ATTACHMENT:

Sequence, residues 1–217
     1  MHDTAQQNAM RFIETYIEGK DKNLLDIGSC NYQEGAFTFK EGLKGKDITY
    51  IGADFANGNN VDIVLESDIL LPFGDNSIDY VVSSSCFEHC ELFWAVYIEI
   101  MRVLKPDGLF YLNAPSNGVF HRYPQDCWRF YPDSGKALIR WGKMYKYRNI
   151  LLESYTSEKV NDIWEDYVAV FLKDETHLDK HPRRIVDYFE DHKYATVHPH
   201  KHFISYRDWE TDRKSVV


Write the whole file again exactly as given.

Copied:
Sequence, residues 1–217
     1  MHDTAQQNAM RFIETYIEGK DKNLLDIGSC NYQEGAFTFK EGLKGKDITY
    51  IGADFANGNN VDIVLESDIL LPFGDNSIDY VVSSSCFEHC ELFWAVYIEI
   101  MRVLKPDGLF YLNAPSNGVF HRYPQDCWRF YPDSGKALIR WGKMYKYRNI
   151  LLESYTSEKV NDIWEDYVAV FLKDETHLDK HPRRIVDYFE DHKYATVHPH
   201  KHFISYRDWE TDRKSVV